Sajica Cichlid

Sajica Cichlid

I would like to write a few words about my experience breeding wild caught A. Sajica and the surprise these fishes gave me. A surprise that shows these animals fascinating and diverse behaviour.

I got a pair of wild caught A Sajica from a friend that had collected them on a trip. Since I had kept this species before, in fact it was the third cichlid I ever breed, I didn’t expect any surprises. Well, I was wrong.

In shortage of better accommodations I put the 6 cm/2.5 inches long cichlids in a 540 L / 145 gallon aquarium that was already overly crowded. In the aquarium already swam four 20 cm/ 8 inches Texas cichlids, a pair of N. Festae (25 and 20 cm/ 10 and 8 inches), a pair of N. Managuense (about the same size as N. Festae) and four natal cichlids, Mossanbicus Mossanbicus, (20 cm/ 8 inches). The tanked was also inhabited by two convicts (about 4 cm/ 1.5 inches) that had originally been put there as feeders, and finally loads of Ancistrus that just wouldn’t stop breeding. All of the species where breeding regularly in the aquarium. As I said, the aquarium was already very crowded. I knew I was taking a chance putting the small Sajica in with these predators but I didn’t have any choice.

To my great relief the Sajica found themselves loving their company and was left alone by their larger predatory cousins. The aquarium was decorated with two very large roots that reached all the ways to the surface of the aquarium and created three natural territories for the fishes in the aquarium. There where small gaps under the roots that the ancistruses utilized for breeding. The larger cichlids couldn’t get into these spaces. These large roots made the water in this tank very dark and made it look like a black water river aquarium. The water conditions was however harder and the pH level higher than what you might expect to find in a black water river.

When the Sajicas had been in this aquarium for a week, on a diet consisting mainly of Hikary pellets and shrimps, they spawned for the first time. Anyone that kept A Sajica isn’t surprised about this, the surprise would be if they didn’t breed during the first month. However the surprise was how they bred. My experience is that A Sajica are dedicated parents that watches furiously over eggs and fry. But under these conditions this pair choose a different approach. The female laid her eggs on a root halfway to the surface. Her eggs had a much darker tone then A Sajica eggs usually have, and matched the colour of the root almost perfectly. This was something the parents seemed to be aware of, since they didn’t care about protecting their young. They both swam all over the aquarium just as before the egg laying and it wasn’t unusual that the two fishes furthest from the eggs in the entire aquarium was the Sajicas. Occasionally they did chase away some ancistrus. You would think that this strange parental behaviour would mean the end f the eggs in an aquarium where several fishes could eat all eggs in one gulp. This was however not the case and almost all the eggs survived and hatched, at which time the parents moved them (spitted them) under a rot where not even they could get in. They then continued acting as if nothing had happened. When the fry was free-swimming the parents took their young out for expeditions about 1-2 hours each they. The rest of the time they left them under the root where they apparently found food because they grew nicely.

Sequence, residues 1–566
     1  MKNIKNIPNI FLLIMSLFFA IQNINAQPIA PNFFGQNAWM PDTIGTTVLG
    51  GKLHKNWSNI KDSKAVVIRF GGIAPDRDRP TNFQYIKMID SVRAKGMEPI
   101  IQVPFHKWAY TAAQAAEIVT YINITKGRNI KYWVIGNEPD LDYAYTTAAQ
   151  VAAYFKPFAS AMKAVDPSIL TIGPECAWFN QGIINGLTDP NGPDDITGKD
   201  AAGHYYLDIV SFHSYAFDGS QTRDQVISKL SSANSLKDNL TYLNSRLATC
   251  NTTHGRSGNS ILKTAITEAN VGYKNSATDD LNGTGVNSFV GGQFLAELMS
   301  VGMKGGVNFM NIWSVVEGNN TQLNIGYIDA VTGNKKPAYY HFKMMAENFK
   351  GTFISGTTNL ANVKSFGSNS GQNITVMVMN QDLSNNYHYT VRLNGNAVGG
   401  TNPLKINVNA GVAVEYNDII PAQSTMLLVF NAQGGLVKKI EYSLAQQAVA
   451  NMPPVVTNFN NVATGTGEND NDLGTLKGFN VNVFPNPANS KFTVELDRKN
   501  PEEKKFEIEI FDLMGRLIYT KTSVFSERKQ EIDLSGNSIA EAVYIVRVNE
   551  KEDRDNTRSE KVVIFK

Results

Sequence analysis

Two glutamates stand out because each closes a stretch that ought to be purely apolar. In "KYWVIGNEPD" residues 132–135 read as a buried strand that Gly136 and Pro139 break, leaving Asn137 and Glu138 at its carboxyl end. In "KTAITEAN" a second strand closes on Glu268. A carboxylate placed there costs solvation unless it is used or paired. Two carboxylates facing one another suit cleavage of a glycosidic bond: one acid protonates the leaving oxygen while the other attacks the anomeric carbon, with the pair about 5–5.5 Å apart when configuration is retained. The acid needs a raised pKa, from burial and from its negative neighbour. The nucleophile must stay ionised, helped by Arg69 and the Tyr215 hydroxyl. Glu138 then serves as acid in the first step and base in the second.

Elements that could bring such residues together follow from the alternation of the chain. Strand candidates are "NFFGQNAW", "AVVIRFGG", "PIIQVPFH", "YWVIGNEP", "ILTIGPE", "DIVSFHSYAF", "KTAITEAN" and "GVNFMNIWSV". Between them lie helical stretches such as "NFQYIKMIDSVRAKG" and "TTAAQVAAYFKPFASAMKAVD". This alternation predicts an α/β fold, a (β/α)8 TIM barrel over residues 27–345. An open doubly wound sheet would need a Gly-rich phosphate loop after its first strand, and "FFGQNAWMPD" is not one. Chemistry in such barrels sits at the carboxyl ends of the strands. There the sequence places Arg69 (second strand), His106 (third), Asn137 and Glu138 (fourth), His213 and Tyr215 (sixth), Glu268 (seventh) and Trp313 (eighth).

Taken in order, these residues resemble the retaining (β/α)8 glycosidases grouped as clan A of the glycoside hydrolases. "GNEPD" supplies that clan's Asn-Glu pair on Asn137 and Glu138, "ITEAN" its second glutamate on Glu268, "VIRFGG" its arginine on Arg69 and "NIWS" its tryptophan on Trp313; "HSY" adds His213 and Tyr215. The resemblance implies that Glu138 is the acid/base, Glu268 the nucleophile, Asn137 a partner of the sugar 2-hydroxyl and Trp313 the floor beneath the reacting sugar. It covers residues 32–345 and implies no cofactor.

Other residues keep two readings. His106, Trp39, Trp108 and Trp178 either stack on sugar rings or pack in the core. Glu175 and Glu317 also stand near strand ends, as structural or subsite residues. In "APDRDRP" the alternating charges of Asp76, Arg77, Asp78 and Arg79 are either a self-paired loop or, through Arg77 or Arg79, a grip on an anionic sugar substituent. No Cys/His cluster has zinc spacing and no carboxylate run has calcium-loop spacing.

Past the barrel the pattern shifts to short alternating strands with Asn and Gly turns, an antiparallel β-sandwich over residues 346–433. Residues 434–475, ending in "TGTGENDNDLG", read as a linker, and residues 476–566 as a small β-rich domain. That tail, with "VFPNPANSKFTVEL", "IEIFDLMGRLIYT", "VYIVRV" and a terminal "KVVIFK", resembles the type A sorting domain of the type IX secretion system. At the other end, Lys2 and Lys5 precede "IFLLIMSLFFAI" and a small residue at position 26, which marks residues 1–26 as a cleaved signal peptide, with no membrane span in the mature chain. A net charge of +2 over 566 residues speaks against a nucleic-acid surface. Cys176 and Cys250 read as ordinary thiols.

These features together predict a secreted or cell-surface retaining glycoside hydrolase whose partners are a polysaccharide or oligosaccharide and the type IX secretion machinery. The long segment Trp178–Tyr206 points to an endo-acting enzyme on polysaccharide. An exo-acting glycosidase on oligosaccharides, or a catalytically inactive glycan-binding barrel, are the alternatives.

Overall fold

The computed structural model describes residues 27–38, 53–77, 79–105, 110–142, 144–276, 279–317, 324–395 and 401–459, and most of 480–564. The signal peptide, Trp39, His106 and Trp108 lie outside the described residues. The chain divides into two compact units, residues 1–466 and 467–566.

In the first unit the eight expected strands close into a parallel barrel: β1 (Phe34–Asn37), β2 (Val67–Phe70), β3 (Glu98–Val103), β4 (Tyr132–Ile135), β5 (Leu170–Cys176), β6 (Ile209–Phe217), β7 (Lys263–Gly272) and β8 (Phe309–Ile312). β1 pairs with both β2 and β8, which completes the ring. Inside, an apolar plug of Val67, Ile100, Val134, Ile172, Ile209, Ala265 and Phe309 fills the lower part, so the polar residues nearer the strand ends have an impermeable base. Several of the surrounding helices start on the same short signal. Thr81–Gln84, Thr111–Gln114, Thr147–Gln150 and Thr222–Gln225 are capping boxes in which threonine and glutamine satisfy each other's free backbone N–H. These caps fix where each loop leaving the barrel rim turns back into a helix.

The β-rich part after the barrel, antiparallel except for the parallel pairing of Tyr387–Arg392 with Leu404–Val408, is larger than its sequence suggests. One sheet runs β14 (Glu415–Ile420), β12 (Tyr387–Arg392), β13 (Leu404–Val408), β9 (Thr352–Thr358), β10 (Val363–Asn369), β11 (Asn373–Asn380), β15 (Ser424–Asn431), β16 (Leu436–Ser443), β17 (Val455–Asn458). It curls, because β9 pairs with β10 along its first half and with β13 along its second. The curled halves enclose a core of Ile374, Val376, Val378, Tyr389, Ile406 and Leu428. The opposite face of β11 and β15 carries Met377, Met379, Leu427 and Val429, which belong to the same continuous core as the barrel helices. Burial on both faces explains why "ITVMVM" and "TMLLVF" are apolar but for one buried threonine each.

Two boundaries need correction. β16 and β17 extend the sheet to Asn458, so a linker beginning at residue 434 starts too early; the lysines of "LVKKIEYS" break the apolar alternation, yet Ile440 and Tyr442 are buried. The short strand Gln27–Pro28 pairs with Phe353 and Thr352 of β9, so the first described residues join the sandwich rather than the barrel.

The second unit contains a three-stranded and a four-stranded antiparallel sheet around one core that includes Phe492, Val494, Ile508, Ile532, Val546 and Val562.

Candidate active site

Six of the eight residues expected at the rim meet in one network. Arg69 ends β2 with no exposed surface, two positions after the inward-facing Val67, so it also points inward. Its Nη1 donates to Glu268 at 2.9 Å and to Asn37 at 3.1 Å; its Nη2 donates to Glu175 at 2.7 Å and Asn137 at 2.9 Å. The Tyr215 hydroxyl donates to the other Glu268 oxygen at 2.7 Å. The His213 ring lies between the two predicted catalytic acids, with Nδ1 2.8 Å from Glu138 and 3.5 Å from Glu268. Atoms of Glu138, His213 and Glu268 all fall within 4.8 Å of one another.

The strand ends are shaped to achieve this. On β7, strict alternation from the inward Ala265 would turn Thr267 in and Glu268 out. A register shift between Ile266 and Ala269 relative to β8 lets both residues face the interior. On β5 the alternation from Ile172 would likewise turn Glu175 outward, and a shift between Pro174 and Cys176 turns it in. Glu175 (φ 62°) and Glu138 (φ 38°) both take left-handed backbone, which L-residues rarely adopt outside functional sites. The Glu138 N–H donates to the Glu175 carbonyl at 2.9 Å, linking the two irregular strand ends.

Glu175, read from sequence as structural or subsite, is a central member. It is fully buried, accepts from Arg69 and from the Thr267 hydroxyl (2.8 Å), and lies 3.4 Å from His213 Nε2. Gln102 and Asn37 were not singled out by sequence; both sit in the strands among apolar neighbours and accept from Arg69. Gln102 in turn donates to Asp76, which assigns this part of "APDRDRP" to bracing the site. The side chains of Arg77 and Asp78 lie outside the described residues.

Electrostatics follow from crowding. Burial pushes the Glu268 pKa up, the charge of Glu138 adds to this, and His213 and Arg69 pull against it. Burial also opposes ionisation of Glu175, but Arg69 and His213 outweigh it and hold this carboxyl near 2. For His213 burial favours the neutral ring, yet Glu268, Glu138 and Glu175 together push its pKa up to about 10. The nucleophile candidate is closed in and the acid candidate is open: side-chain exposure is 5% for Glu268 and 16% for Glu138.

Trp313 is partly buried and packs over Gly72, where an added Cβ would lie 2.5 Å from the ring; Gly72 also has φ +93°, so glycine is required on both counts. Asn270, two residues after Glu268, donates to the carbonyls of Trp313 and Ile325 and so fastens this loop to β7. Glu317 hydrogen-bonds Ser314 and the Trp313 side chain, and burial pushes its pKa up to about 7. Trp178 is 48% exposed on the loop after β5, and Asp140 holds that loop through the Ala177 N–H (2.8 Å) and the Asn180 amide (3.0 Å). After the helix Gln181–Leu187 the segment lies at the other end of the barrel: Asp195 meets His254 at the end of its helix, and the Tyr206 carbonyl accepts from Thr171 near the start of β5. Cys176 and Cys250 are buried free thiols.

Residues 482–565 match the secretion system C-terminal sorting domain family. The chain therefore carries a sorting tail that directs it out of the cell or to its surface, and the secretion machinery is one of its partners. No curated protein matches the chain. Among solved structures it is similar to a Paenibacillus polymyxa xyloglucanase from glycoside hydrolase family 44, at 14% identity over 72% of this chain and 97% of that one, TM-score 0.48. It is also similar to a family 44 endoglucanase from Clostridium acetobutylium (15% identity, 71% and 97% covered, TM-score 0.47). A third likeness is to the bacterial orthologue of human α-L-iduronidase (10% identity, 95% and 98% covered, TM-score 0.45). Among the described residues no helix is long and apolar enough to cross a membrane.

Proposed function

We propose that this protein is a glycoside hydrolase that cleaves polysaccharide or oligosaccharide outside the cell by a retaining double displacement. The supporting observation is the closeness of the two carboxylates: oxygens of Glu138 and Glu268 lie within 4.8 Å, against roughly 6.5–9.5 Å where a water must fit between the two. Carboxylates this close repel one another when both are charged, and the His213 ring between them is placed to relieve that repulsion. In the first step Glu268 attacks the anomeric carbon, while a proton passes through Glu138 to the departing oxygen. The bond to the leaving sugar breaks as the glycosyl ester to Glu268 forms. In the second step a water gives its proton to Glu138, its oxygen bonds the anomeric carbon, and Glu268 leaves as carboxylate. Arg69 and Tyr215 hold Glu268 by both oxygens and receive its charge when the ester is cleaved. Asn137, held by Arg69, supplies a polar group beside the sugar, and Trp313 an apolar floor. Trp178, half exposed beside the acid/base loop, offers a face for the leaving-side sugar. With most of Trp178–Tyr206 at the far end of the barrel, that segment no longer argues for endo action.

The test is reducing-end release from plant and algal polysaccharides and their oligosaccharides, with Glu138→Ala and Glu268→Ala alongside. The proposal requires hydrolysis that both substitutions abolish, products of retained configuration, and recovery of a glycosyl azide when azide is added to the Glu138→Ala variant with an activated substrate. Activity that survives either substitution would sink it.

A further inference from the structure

The parents continued to take them on these little expeditions for about a month after which the fry had grown to approximately 1.5 cm /0.75 inch. The impressing thing is that almost all of they fry had survived to this age. After the parents had stop caring for their fry the young quickly became boulder and started swimming around, which lead to that all but two of the fry was eaten one week later. (There were 50-60 fry before that.) These two however did manage to grow up in this aquarium.

The wild caught A Sajica couple spawned many times in this aquarium, once every 2-3 month, and they always to great success used this method. At one point I moved them to another aquarium about half as big as the other and with clear water. They shared this tank with a number of other cichlids, mostly fry from the larger aquarium. In this aquarium they spawned in they way one are used to see A Sajica spawn, e.g. standing guard over their eggs and fry. A little later the couple was moved back to the 540 L /145 gallon aquarium and they then started to “hide” their eggs and fry again.

Out of curiosity I also tried keeping them in an aquarium with clear water and a large pair of N. Managuense as company and the Sajica couple spawned standing guard over their eggs and fry. It seemed like they simply chose another strategy in darker waters. I have kept other pairs of breed A Sajica in the 540 L / 145 Gallon aquarium since then, but none of them have showed this behaviour. I’m hoping that others get to experience this unique behaviour that just goes to shows us that cichlids never stops surprising.

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